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Creators:
American Federation of Arts
Dates:
1895-1993
bulk 1909-1969
Size:
79.8 Linear feet
Collection ID:
AAA.amerfeda
Repository:
Archives of American Art

The records of the American Federation of Arts (AFA) provide researchers with a complete set of documentation focusing on the founding and history of the organization from its inception through the 1960s. The collection measures 79.8 linear feet, and dates from 1895 through 1993, although the bulk of the material falls between 1909 and 1969. Valuable for its coverage of twentieth-century American art history, the collection also provides researchers with fairly comprehensive documentation of the many exhibitions and programs supported and implemented by the AFA to promote and study contemporary American art, both nationally and abroad.

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Creators:
Frances Wolfson Art Gallery
Dates:
1973-1994
Size:
5 Linear feet
Collection ID:
AAA.franwola
Repository:
Archives of American Art

The records of the Frances Wolfson Art Gallery measure 5 linear feet and date from 1973 to 1994 with 4.5 linear feet documenting exhibitions held at the Gallery. General administration of the Gallery is also chronicled through correspondence, business records and printed material.

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Creators:
Stirling, Matthew Williams, 1896-1975
Stirling, Marion
Dates:
1876-2004, undated
bulk 1921-1975
Size:
37.94 Linear feet (84 boxes, 3 map folders)
Collection ID:
NAA.2016-24
Repository:
National Anthropological Archives

The Matthew Williams Stirling and Marion Stirling Pugh papers, 1876-2004 (bulk 1921-1975), document the professional and personal lives of Matthew Stirling, Smithsonian archaeologist and Chief of the Bureau of American Ethnology (1928-1957), and his wife and constant collaborator, Marion Stirling Pugh. The bulk of the material is professional in nature and includes material from Matthew's early career in the 1920s, the careers of Matthew and Marion together from when they married in 1933 to Matthew's death in 1975, and Marion's life and work from 1975 until her death in 2001. The majority of the documentation relates to the investigation of the Olmec culture in Mexico by the Stirlings, including the discoveries of eight colossal Olmec heads. In addition, the collection documents their work in Panama, Ecuador, and Costa Rica, looking for connections between Mesoamerica and South America. Materials include field notes, journals, correspondence, photographs, writings, clippings, ephemera, articles, and scrapbooks.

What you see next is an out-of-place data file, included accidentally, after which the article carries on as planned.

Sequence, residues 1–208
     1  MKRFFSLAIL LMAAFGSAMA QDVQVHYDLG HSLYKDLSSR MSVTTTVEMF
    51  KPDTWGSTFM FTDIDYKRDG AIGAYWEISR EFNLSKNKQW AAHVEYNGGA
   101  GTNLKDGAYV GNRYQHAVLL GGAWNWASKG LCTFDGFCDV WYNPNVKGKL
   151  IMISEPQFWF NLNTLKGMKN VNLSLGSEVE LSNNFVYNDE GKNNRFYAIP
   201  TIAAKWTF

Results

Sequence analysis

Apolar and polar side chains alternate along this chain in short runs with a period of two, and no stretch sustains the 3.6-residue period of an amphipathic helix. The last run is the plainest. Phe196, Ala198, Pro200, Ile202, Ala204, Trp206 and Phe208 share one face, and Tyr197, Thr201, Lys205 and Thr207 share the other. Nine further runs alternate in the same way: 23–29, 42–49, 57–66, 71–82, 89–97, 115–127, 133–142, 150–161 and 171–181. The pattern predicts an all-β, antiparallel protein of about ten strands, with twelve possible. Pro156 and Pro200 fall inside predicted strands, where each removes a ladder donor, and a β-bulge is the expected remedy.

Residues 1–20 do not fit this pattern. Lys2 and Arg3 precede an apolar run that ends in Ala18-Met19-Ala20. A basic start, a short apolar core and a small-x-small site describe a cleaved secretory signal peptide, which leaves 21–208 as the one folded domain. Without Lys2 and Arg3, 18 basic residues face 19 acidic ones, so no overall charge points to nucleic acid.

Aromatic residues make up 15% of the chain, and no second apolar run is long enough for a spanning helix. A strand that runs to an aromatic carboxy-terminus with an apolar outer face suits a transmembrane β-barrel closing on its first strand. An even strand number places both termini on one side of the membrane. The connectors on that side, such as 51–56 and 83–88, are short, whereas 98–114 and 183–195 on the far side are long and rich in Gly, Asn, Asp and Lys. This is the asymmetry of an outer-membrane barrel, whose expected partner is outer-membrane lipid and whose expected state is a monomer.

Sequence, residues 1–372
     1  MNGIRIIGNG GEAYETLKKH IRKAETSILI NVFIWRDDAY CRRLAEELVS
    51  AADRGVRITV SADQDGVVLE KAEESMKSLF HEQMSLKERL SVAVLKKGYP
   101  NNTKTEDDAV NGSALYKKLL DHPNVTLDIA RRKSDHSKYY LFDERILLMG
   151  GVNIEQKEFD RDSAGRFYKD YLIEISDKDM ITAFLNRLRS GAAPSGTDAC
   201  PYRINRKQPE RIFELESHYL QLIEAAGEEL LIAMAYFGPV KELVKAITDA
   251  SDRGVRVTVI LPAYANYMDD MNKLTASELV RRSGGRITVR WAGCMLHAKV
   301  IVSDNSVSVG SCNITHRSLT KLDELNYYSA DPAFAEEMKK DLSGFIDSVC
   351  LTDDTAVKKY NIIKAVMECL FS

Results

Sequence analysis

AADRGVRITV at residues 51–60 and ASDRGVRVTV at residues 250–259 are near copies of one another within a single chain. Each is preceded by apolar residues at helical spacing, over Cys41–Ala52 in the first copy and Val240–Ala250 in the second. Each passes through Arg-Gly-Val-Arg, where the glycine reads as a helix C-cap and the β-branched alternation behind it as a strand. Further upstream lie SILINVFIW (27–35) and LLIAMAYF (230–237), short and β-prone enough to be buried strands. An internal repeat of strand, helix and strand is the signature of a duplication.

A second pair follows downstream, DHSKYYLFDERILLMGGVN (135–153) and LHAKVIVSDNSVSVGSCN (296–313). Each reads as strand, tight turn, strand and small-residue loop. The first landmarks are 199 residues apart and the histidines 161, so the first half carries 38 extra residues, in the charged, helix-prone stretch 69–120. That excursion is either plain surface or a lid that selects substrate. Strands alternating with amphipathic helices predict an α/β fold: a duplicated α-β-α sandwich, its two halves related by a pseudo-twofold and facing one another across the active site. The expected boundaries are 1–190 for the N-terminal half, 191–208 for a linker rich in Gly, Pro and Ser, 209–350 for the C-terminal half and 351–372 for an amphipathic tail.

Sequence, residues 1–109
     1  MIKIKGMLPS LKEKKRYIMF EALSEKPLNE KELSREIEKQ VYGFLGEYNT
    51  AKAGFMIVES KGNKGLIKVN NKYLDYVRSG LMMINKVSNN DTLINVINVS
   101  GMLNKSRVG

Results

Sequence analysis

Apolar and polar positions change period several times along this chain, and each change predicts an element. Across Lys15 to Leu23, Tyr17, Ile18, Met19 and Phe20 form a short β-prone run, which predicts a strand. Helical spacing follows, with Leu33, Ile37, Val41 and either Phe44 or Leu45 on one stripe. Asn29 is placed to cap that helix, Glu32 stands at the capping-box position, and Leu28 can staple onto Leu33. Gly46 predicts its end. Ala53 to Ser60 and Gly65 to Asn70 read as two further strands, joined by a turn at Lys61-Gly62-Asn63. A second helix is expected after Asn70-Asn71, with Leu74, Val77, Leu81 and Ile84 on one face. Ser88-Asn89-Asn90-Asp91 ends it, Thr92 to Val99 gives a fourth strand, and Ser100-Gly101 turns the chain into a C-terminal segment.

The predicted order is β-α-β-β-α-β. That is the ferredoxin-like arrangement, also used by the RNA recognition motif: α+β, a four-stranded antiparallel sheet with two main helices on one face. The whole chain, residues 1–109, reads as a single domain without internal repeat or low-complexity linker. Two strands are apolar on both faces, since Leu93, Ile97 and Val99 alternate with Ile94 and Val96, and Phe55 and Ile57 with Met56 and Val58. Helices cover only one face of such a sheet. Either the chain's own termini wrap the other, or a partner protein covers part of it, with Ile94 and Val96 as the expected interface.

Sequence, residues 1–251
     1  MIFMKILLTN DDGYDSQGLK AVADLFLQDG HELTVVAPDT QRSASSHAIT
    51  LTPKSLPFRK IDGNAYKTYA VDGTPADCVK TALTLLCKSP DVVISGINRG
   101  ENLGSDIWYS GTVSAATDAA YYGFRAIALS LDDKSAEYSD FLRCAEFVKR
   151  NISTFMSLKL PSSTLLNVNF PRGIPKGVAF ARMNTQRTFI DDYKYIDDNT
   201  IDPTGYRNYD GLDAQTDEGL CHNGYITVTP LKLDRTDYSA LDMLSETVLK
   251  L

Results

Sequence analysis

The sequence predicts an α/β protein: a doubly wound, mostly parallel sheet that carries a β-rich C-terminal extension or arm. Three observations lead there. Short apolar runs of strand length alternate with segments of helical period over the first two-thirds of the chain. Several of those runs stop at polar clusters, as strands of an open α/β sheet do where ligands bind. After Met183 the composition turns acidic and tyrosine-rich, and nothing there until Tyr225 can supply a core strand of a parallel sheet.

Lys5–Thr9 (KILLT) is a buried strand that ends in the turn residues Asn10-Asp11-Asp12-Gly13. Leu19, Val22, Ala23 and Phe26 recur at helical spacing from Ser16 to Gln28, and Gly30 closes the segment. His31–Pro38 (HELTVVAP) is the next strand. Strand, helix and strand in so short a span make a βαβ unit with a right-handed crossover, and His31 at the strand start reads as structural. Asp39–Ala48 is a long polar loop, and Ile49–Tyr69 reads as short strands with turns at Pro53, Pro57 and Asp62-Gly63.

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Creators:
Smithsonian Institution. Center for Folklife and Cultural Heritage
Dates:
June 24-July 5, 2009
Size:
1 Cubic foot (approximate)
Collection ID:
CFCH.SFF.2009
Repository:
Ralph Rinzler Folklife Archives and Collections

The Smithsonian Institution Festival of American Folklife, held annually since 1967 on the National Mall in Washington, D.C., was renamed the Smithsonian Folklife Festival in 1998. The materials collected here document the planning, production, and execution of the annual Festival, produced by the Smithsonian Center for Folklife and Cultural Heritage (1999-present) and its predecessor offices (1967-1999). An overview of the entire Festival records group is available here: Smithsonian Folklife Festival records.

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Creators:
Harris, Marvin, 1927-2001
Dates:
1945-2001
Size:
42.27 Linear feet (85.5 document boxes, 1 oversize box, 4 record storage boxes, 90 computer disks, 19 cassette tapes, 1 7" sound reel, 3 vinyl records, and 1 map folder)
Collection ID:
NAA.2009-27
Repository:
National Anthropological Archives

This collection contains the professional papers of anthropologist Marvin Harris. Harris was a prominent anthropologist, best known for developing the controversial paradigm of cultural materialism. He authored several important books in the field of anthropology and taught at Columbia University and The University of Florida. The papers include correspondence, research materials, his publications, unpublished manuscripts, conference papers, lectures, subject files, teaching files, computer files, and photographs.

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103 records — Page 1 of 11